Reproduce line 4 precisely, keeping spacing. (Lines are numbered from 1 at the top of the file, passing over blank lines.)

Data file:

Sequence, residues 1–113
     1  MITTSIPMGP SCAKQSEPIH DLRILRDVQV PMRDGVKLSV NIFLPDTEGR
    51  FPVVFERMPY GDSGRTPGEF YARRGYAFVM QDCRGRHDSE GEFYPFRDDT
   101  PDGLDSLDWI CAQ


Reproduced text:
   101  PDGLDSLDWI CAQ